U.S. officials fear Iran might attack American troops in Iraq: report

U.S. officials fear a collapse in nuclear talks could embolden Iranian hard-liners and potentially lead to attacks on Americans in Iraq

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U.S. officials have growing concerns Iran might launch attacks against American troops in Iraq should nuclear talks between Tehran and world powers collapse, journal Politico reported on Wednesday.

The U.S. officials, according to the report, voiced concern that a collapse in the nuclear talks between Iran and the P5+1 (United States, United Kingdom, Russia, China, and France, plus Germany) could embolden Iranian hard-liners and potentially lead to attacks on Americans in Iraq.

According to the report, U.S. officials also voiced concern over the safety of U.S. troops in Iraq in relation to U.S. attempts to see the ouster of Syrian President Bashar al-Assad, one of Iran’s principal allies in the region.

U.S. officials fear that in either scenario, Tehran could direct Iraqi Shiite militias it commands to attack American troops who are assisting in the fight against the Islamic State of Iraq and Syria (ISIS), according to the journal.

“The current [nuclear] negotiations likely have a restraining effect, but there are other incentives and national interests at stake for the Iranians,” the journal quoted one senior U.S. military official as saying.

“This is something that we are continually assessing. [Iran’s] history as regional provocateurs and exporters on terrorism demands it,” the official said.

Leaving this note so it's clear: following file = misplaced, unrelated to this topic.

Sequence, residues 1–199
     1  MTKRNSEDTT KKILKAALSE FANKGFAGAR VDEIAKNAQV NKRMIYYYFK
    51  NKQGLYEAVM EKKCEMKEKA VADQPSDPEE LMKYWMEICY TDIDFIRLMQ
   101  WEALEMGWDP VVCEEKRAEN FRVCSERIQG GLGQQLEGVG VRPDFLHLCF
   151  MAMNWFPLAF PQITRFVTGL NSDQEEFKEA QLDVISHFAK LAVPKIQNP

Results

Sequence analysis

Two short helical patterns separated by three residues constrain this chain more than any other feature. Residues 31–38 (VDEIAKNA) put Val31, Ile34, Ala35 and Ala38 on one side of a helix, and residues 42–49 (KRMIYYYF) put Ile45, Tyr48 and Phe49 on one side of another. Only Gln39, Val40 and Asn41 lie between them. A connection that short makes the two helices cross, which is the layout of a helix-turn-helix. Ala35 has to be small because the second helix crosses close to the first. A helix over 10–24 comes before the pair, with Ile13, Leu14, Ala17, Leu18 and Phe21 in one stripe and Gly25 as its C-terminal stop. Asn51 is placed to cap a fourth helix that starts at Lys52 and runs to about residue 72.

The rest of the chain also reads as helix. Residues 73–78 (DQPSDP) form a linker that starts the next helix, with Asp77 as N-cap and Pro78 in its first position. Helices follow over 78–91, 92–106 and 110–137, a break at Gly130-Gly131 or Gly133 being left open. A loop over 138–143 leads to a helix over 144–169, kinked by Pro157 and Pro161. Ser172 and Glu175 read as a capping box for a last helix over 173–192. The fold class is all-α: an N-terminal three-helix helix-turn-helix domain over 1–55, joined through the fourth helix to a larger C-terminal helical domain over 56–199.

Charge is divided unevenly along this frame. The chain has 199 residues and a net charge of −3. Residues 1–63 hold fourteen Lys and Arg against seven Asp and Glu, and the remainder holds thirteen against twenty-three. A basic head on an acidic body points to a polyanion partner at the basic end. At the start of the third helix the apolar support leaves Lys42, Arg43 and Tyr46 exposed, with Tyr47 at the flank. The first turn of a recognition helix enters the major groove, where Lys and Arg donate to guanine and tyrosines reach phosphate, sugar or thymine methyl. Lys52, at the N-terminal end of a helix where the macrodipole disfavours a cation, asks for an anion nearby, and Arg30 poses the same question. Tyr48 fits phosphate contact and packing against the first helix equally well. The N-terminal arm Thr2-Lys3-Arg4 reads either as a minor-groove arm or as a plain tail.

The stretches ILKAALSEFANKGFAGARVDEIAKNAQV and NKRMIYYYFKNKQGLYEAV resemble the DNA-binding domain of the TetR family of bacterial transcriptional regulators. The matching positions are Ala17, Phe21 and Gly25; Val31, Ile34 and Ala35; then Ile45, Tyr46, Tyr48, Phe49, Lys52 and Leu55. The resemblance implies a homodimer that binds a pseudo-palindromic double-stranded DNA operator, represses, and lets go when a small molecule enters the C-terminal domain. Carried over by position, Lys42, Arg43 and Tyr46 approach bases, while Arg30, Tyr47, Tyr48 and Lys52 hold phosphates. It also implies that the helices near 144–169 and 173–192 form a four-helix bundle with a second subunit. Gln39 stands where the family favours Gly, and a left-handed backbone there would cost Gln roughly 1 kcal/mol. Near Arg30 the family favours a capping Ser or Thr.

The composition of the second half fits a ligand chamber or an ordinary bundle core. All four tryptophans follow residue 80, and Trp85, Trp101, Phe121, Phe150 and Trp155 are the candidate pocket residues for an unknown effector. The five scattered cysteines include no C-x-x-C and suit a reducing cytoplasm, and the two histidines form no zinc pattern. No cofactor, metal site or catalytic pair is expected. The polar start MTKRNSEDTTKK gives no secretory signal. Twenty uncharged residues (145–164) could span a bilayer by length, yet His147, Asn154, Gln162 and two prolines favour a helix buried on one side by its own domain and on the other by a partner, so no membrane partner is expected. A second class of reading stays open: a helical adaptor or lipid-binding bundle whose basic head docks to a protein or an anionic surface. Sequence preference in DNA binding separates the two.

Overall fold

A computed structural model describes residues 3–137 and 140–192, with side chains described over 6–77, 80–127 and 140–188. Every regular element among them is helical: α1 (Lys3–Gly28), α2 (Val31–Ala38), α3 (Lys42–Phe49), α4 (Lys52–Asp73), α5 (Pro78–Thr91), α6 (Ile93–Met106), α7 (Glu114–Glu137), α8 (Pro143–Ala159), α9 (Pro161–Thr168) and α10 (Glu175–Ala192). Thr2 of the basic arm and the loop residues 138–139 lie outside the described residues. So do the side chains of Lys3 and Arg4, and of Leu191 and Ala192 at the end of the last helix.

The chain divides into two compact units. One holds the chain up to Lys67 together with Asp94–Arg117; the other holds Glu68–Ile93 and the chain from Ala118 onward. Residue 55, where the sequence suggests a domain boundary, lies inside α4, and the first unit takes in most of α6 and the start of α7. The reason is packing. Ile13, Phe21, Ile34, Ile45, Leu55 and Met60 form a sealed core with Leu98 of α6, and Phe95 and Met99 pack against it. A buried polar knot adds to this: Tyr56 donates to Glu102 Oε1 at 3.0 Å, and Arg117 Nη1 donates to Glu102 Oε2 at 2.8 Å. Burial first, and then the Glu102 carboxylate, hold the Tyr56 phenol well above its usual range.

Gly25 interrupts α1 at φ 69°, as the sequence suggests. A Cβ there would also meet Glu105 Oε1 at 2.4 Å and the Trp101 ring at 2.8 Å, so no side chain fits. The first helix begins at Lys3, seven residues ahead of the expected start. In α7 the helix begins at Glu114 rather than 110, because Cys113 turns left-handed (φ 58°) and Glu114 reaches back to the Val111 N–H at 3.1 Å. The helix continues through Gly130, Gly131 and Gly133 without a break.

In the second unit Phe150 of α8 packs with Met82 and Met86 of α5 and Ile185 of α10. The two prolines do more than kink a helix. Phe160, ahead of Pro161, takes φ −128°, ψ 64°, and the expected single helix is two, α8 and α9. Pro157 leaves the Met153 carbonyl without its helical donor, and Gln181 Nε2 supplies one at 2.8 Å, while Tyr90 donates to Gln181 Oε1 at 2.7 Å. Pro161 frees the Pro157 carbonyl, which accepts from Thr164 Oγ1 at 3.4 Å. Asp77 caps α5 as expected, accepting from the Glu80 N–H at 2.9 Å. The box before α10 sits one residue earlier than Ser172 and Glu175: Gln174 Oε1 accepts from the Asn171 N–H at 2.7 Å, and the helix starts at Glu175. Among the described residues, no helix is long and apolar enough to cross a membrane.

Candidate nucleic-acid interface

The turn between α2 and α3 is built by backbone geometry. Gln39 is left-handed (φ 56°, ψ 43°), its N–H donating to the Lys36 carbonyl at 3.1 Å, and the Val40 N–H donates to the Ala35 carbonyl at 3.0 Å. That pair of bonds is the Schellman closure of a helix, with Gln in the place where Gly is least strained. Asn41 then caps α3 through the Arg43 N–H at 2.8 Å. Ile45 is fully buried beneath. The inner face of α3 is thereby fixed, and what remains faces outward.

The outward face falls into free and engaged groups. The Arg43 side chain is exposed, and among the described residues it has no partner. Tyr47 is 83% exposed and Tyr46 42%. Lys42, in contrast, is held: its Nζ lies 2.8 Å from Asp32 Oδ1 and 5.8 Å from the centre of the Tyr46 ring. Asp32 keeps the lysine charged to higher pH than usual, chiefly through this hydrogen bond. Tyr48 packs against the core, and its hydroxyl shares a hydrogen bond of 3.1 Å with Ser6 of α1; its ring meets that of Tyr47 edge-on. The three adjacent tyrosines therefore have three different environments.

The U.S. has dispatched 3,000 troops to Iraq as trainers and advisers to Iraqi forces fighting ISIS and Iran is heavily involved military in its neighbor, including sending one of its top generals, Maj. Gen. Qassem Suleimani, the commander of Iran’s secretive Quds Force.

The journal quoted one military official as saying that there was no imminent threat to U.S. troops in Iraq. It also quoted sources saying that the potential danger was factored into U.S. military planning.

This concern of Iran harming American troops in Iraq has also impacted on the debate in the Obama administration on whether to push for the removal of Syria’s Assad, the journal reported.

It quoted Robert Ford, the former U.S. ambassador to Syria, as saying: “Multiple [officials] have told me they’re worried about retaliation in Iraq, which does seem to be influencing our Syria policy.”

“Basically, they’re afraid that if they provide serious help to the armed opposition against Assad, the Iranians will have their surrogates in Iraq attack us.”